For the past 27 years, Elvy Musikka has received tins full of 300 marijuana joints rolled and sealed with the approval of the U.S. government.Musikka, 75, is one of four remaining people enrolled in the federal government’s first and only medical marijuana program since the drug became illegal in 1937.
“I have no drugs in my medicine cabinet. I take care of all my needs with one herb,” Musikka said in a phone interview from her home in Eugene, Ore.
Musikka’s rare status as a government-sanctioned medical marijuana user has made her a star in the midst of the legalization movement. She has been interviewed by USA Today and traveled the world speaking about the issue. She’s scheduled to talk at 1:30 p.m. Saturday, April 18 at the 19th annual Moscow Hempfest where a new petition will be introduced in hopes of getting marijuana on the November 2016 Idaho ballot.
“I have been absolutely nowhere where people don’t need it desperately and want to change these laws,” Musikka said.
At age 35, Musikka was diagnosed with glaucoma. To her surprise, her doctor suggested she try marijuana to help relieve the extreme pain and pressure behind her eyes. She was afraid.
“I believed every myth I’d ever heard. I believed it was a dangerous drug,” Musikka said.
Desperate for relief, she obtained the herb illegally and discovered it helped immensely. In 1988, after attempts to obtain marijuana legally, she was growing her own plants at her home in Florida and was arrested on felony charges of possession. At her trial she was acquitted for reasons of medical necessity. A couple months later, she was accepted into the government’s program. To enroll, patients had to prove that marijuana was the only therapeutic drug that would alleviate symptoms from their varying illnesses. The government stopped accepting new patients to the U.S. Food and Drug Administration program in 1992.
Musikka believes that marijuana not only relieves her symptoms but is also capable of restoring the sight in one of her eyes, which she claims was damaged by surgeries she agreed to in the past and now regrets.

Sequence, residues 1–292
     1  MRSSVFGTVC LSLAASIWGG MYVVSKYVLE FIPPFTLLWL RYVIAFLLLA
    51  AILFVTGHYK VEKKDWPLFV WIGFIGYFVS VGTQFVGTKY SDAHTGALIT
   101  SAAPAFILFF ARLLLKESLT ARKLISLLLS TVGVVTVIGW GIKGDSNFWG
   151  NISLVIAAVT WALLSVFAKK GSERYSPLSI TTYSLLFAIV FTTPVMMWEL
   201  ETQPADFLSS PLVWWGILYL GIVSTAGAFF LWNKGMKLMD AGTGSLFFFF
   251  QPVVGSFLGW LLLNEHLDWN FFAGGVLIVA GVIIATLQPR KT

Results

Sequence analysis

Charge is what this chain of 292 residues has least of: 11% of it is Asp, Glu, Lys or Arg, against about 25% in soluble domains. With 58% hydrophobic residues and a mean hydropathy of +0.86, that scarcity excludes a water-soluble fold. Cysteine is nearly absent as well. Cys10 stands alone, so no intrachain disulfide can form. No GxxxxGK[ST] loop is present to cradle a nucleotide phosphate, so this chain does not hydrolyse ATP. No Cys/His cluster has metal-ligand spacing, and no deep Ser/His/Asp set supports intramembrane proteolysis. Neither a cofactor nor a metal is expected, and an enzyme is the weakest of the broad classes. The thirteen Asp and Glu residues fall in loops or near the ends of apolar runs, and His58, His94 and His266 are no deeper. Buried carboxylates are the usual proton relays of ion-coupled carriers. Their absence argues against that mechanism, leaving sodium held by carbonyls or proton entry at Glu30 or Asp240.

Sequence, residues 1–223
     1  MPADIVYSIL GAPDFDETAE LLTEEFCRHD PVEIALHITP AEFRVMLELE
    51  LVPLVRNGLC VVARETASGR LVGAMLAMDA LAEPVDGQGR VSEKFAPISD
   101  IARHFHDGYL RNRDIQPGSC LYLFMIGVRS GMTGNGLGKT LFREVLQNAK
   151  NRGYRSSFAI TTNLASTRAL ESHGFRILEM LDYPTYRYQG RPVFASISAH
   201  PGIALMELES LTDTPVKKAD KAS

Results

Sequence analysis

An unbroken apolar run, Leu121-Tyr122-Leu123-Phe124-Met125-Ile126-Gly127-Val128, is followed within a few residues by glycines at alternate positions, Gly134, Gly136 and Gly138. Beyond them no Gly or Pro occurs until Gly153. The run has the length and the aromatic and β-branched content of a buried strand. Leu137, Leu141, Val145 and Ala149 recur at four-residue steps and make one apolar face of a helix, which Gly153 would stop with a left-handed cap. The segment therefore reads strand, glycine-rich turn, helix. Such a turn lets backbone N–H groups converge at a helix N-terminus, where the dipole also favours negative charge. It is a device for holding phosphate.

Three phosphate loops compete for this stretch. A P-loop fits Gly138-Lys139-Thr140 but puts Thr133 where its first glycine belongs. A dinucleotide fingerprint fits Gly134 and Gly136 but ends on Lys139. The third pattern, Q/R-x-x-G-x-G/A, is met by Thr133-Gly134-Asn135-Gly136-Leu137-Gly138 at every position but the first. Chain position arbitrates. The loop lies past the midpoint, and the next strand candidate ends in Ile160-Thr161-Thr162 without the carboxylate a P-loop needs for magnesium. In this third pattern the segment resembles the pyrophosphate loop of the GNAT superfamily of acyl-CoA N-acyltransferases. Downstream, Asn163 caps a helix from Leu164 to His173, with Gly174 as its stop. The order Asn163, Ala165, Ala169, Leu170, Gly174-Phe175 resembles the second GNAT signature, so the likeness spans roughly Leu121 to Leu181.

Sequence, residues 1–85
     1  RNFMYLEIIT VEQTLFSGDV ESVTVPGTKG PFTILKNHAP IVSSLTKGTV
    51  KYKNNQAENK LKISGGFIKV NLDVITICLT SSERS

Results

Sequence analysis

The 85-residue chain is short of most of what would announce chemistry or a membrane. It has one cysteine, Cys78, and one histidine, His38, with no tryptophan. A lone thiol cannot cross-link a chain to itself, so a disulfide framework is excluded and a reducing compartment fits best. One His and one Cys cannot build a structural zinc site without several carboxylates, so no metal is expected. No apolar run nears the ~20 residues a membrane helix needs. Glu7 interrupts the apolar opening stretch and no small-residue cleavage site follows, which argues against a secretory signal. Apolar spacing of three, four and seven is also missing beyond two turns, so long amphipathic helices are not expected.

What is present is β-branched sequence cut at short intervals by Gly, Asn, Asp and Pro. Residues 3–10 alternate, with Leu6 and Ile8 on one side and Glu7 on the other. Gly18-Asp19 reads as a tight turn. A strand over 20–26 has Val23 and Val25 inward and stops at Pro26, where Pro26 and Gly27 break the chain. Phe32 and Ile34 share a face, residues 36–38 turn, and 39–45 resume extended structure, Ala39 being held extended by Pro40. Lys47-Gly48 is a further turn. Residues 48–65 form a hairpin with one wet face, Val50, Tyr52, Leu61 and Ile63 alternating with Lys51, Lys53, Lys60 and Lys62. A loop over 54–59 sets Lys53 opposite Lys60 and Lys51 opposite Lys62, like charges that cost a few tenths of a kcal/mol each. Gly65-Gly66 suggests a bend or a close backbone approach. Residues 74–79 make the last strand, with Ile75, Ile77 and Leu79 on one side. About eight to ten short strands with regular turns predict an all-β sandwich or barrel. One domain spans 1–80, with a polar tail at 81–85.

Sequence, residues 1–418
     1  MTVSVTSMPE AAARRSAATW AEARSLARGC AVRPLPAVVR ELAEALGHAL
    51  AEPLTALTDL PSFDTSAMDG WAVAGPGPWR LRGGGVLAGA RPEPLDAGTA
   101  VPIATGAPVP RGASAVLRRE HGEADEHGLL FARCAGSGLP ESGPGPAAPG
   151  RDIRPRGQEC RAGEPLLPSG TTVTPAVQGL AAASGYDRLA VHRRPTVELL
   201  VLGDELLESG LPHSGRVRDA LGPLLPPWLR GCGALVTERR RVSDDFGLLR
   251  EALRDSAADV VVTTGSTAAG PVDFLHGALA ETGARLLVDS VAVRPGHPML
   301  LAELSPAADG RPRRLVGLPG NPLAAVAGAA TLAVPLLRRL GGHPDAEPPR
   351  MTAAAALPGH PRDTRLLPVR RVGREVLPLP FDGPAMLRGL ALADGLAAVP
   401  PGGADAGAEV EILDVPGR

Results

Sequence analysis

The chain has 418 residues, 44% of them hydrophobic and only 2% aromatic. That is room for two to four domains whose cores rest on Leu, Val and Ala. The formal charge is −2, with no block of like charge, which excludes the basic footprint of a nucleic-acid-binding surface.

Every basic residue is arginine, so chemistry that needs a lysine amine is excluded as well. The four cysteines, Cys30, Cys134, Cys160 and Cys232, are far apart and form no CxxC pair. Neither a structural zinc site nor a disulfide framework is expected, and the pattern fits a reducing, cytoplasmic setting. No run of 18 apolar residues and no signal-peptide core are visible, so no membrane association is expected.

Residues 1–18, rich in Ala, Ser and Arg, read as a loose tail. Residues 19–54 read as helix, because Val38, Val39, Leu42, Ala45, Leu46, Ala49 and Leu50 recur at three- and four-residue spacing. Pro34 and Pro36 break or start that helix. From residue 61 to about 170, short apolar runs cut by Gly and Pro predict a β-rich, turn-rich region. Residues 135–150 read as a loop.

“I was thinking I was trading my eyesight for brain cells. … I thought that since I was taking marijuana I would lose all kinds of brain cells, it’s exactly the opposite. It rebuilds your brain cells. The theme of my life is ignorance blinds us,” she said.
In 1990 Musikka read the book “The Emperor Wears No Clothes: Hemp and the Marijuana Conspiracy,” a history of cannabis by Jack Herer detailing the political and economic events that led to prohibition and the U.S. war on drugs.
“Even though I had been arrested and had my trial I still had no idea we were arresting hundreds of thousands of people yearly,” said Musikka, who became a vocal and passionate proponent of legalization.
Musikka moved to Oregon after the state approved medical marijuana. She now receives half a year’s supply there and the other half from the government. The marijuana the government supplies varies in THC level, whereas in Oregon she can consistently get a high-quality product, she said. However, she is having difficulty finding a doctor in the Northwest willing to take on her case.
For more than 40 years Musikka has watched social attitudes shift. She credits the Internet for helping end “102 years of ignorance.”
“I’m sorry I had to be blinded by ignorance but it really opened my eyes to the responsibilities we have to the planet and to each other. … For a government to come between a patient’s suffering and the benefits of this herb is immoral and unconstitutional. To arrest a patient for choosing the creator’s work, that’s blasphemy, blasphemy, blasphemy,” she said, quoting the line she ends her speeches with.
Other speakers at Hempfest include Musikka’s caregiver and activist Lori Duckworth; Steve Phun, stage manager and emcee from the Seattle Hemp Fest; and Serra Fran Boise founder of Moms for Marijuana. Dana Wilson and Bill Esbensen of New Approach Idaho in Boise, will debut a petition to recognize medical marijuana, decriminalize small quantities of cannabis and support hemp cultivation for farmers. They hope to gather 47,000 registered voters’ signatures to get the issue on the 2016 November ballot. More information about the petition is available at www.legalize208.org.
IF YOU GO
What: Moscow Hempfest
When: 10 a.m. to 7 p.m. Saturday, April 18
Where: East City Park, Moscow
Of Note: The festival features bands from Moscow, Boise and Spokane, speakers and an array of vendors.